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An ode to playlists, the perfect kind of sonic diary

Teresa's Spotify playlists.
Screenshot by Teresa Xie
Teresa's Spotify playlists.

I made my first playlist on Spotify when I was 13. It's titled March '14, it's 200 songs, and it's got everything you would expect from a very-online middle-schooler: Marina and the Diamonds (now MARINA), The xx, The 1975, Florence + The Machine, and "Let's Go" by Matt & Kim.

The next playlist, April '14, is not so different. It stands at a whopping 213 songs and still has most of Marina and the Diamonds' Electra Heart (Deluxe) album on it. But in April, it seems I was also introduced to Five Seconds of Summer, was really into Tyler the Creator and Chance the Rapper, and even discovered Nirvana (I probably saw the cover of Nevermind on Tumblr and thought it was cool).

Fast-forward to March '23, and you'll find a playlist consisting of about 10 songs, featuring the likes of Brutalismus 3000, JPEGMAFIA, Nia Archives, and a little bit of Sonic Youth. Between that (cursed) March '14 collection and my March '23 one sits more than 107 playlists: one for each month of the year.

Most of my playlists are bad (even the most recent ones), and I don't think they're necessarily even a reflection of my music taste. While most playlists tend to focus on cohesion, mine have always been more about documentation. I'll add whatever songs stick out to me that month without any thought about how it fits into a larger theme (that's how you get Radiohead and Ice Spice within a few minutes of each other).

While I never intended to make monthly playlists when I created my first in March 2014, over the years they've become sonic diaries — ways to take me back to places and people from the past through a collection of songs. When I listen to my August '21 playlist, consisting mostly of house tracks from artists like Park Hye Jin, Jayda G and TSHA, I'm reminded of a sweet summer living with my friend in Brooklyn, when all that stood in front of us was weekends exploring the city and our final year of college.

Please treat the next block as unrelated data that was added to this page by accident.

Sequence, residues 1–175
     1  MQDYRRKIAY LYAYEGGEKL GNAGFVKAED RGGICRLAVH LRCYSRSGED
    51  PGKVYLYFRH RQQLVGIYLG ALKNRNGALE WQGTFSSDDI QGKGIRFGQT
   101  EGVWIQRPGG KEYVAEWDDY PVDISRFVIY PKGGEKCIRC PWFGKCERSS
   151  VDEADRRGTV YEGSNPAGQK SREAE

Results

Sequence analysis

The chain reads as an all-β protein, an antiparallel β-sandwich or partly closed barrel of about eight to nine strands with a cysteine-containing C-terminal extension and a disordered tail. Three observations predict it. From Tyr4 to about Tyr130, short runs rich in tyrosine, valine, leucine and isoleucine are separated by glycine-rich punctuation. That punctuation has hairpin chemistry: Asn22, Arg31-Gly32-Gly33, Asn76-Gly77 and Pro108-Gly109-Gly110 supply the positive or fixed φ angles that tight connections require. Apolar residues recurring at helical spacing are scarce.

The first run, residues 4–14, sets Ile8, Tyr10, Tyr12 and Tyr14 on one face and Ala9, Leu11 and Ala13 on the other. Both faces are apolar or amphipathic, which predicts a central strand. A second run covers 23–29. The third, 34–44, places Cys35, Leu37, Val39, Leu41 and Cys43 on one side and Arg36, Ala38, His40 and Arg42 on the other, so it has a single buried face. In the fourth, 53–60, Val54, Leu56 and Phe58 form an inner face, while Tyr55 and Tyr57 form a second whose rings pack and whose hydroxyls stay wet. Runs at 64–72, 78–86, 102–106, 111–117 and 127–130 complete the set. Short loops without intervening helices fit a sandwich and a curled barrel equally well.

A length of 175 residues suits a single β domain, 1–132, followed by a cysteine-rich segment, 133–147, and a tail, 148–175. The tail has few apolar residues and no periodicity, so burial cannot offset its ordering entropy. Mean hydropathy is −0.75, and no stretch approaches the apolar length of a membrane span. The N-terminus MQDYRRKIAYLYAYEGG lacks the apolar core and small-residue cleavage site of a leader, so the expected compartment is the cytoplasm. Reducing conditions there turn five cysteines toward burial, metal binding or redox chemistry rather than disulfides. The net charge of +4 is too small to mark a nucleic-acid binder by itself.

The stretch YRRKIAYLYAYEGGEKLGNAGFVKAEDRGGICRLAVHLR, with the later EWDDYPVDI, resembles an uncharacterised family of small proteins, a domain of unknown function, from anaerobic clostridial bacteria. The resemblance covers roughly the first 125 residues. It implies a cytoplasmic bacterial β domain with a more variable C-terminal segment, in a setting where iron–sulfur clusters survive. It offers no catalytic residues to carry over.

But not every playlist is reminiscent of rosy memories: November '20 only has four songs on it (most of them are by Jamila Woods), leading me to believe I must have really been going through it.

In the last couple of years, I've started adding a cover photo to each playlist, defined by a picture taken from that month. It's usually something silly: a piece of art I saw on the street, a meal I cooked, or the occasional mirror selfie. The photos serve less of an aesthetic purpose than a memory cue, much like the collection of songs itself. Often, listening to old playlists triggers more complicated emotions for me than looking at old journal entries; instead of reading stories told from my perspective at the time, I'm hearing music for what it was and always has been.

Playlisting or even being methodical about organizing interests and tastes isn't for everyone. It can definitely be a daunting task. But whether you're pulling together a collection of photos, making zines, or creating moodboards, you can relieve some of that pressure of cohesion if you see it as just a culmination of what you're thinking or feeling in the moment.

In a digital age where everything seems like it's meant to be neatly packaged and consumed, creating something without such intention shows us that most of our experiences can't replicate a specific model. And re-engaging with art that meant something in the past redefines the way we look at the present: revealing where we've been and what we came from — even if that place is "Therapy" by All Time Low or an obsession with the Arctic Monkeys! And who knows, maybe you'll realize not much has changed after all. Can someone queue "cellophane" by FKA Twigs?

What are you really into? Fill out this form or leave us a voice note at 800-329-4273, and part of your submission may be featured online or on the radio.

Copyright 2023 NPR. To see more, visit https://www.npr.org.

Teresa Xie
Teresa Xie is a reporter who specializes in media and culture writing. She recently graduated from the University of Pennsylvania, where she studied political science and cinema. Outside of NPR, her work can be found in Pitchfork, Vox, Teen Vogue, Bloomberg, Stereogum and other outlets.